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Re: Editorial: Sale of state buildings is a bad deal for California

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  • Todd Groves
    That s a great idea, Charles. I ve been thinking about introducing students to systems modeling software like STELLA
    Message 1 of 5 , Dec 1 1:27 PM
      That's a great idea, Charles.

      I've been thinking about introducing students to systems modeling software like STELLA http://www.iseesystems.com/softwares/Education/StellaSoftware.aspx or Vensim http://www.vensim.com/venple.html.

      Grades 8-12 can explore complex, non-linear relationships by building models. Your budget idea might fit right in.

      Explorations like these are extraordinarily rich and meaningful. How do we get them to students?

      Todd Groves

      --- In wccusdtalk@yahoogroups.com, Charles Rachlis <crachlis@...> wrote:
      > I suggest a math project where the youth run the numbers on this deal. Then a
      > study of insider dealing for social studies where they will find that the deal
      > has fallen into the hands of Pete Wilson insiders who stand to make millions off
      > the tax payers if this goes through.
      > ________________________________
      > From: c slamon <cslamon@...>
      > To: wccusdtalk <wccusdtalk@yahoogroups.com>
      > Sent: Tue, November 30, 2010 4:48:00 PM
      > Subject: [wccusdtalk] Editorial: Sale of state buildings is a bad deal for
      > California
      > Todd,
      > no wonder our kids can't think critically, look at some of their role
      > models. This budget mess is going to continue to affect our children's
      > education and I hope our leaders (both elected and non-elected) are ready
      > for it. We've got some tough decisions to make.
      > Editorial: Sale of state buildings is a bad deal for California
      > MediaNews editorial
      > Posted: 11/30/2010 12:01:00 AM PST
      > GOV. ARNOLD Schwarzenegger came into office promising to cut up the state's
      > credit card. Instead, he has proven that he can't be trusted to handle
      > money. So, it's fitting that, as he prepares to leave office, he plans to
      > sell off valuable state buildings to pay immediate bills.
      > Unless a last-ditch legal effort to block the deal succeeds, the governor
      > will unload 24 state buildings, including the Elihu Harris Building in
      > Oakland; the Earl Warren Building in San Francisco, which houses the state
      > Supreme Court; and the adjacent Hiram Johnson Building. All three were built
      > or renovated just a little more than a decade ago.
      > It's a horrible transaction under which the state would receive money up
      > front from the sale of the buildings, but would then have to lease back the
      > properties so it has a place to put its workers. Over 35 years, the net cost
      > to the state, in today's dollars, would be about $1.4 billion, according to
      > the non-partisan state Legislative Analyst's Office.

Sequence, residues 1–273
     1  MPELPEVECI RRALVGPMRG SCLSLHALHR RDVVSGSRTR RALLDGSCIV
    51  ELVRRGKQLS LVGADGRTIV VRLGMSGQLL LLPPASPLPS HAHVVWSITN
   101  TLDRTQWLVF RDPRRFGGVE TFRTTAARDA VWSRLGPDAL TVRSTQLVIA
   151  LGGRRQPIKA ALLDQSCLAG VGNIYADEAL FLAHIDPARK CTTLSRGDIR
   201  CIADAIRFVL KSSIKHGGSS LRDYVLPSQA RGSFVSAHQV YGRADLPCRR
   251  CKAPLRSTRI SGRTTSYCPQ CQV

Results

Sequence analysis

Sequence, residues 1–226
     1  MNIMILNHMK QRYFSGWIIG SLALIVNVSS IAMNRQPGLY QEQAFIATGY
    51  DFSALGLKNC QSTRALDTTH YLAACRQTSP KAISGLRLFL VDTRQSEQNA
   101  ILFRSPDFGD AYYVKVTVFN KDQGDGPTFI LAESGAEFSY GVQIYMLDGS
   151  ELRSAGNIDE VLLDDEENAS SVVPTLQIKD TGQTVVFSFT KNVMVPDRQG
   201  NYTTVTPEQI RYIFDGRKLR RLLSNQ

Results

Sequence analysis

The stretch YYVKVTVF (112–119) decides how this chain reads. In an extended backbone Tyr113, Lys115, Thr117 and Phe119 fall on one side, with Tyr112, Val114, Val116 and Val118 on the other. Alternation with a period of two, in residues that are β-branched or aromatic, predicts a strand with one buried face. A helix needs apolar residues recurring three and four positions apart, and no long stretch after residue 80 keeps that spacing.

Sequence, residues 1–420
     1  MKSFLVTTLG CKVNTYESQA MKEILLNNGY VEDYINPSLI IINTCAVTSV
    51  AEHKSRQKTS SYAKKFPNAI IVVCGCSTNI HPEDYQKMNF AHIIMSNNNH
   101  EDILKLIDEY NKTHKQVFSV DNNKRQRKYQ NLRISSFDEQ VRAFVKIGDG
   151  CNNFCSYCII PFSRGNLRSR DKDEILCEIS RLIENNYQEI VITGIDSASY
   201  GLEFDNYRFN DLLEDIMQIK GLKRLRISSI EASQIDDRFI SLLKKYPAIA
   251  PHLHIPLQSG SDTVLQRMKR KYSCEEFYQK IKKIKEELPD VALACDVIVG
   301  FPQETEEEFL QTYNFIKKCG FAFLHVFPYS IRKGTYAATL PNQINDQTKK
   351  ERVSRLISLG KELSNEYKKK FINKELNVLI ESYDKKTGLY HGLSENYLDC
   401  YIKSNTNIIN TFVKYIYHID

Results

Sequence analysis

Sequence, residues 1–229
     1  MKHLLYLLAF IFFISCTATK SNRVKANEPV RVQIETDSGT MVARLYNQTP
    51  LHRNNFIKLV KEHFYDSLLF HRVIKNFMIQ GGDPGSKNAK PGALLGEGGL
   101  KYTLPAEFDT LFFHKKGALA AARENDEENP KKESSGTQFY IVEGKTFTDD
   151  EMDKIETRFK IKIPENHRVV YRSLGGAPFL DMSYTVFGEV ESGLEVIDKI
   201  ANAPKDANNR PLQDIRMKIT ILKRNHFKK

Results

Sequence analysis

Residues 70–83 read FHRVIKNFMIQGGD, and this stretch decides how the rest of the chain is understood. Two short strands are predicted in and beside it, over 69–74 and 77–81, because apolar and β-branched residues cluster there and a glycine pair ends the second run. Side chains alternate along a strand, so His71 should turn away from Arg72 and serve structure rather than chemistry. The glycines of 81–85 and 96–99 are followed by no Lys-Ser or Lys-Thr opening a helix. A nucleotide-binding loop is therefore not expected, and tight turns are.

> Put another way, it's like taking out a mortgage at a 10 percent annual
      > interest rate to pay your current bills. But, at the end of it all, once the
      > loan is paid off, you still lose the property. The state will be left with
      > nothing, with no place for its employees when the deal expires. It will have
      > lost the buildings themselves and the prime real estate on which they sit.
      > It's a shameful legacy. Our children and grandchildren will remember
      > Schwarzenegger as the state leader who came into office, immediately plunged
      > the state billions of dollars deeper into debt by rolling back the car tax,
      > and then spent the next seven years developing budgeting schemes to paper
      > over the damage.
      > He will leave office with the state broke -- in far worse shape than when he
      > came in. And, in one of his final acts, he plans to sell off buildings that
      > will surely be needed in years to come.
      > He will be remembered as the governor who sold off the state's assets and
      > strapped future generations with increased costs.
      > It's the height of irresponsibility. We can only hope that Schwarzenegger
      > suddenly develops some common sense, or the legal challenge to the deal
      > succeeds.
      > The lawsuit claims the state needs the approval of the state Judicial
      > Council before it sells off buildings that house the courts.
      > Superior Court Judge Charlotte Woolard will hear the case Dec. 10 in her San
      > Francisco courtroom. Unless she intervenes, the properties will be lost on
      > Dec. 15. Schwarzenegger leaves office on Jan. 3 to return to his life of
      > wealth. The rest of us will be stuck paying the bills.
      > It's a lousy script. A real action hero would do better.
      > [Non-text portions of this message have been removed]
      > [Non-text portions of this message have been removed]
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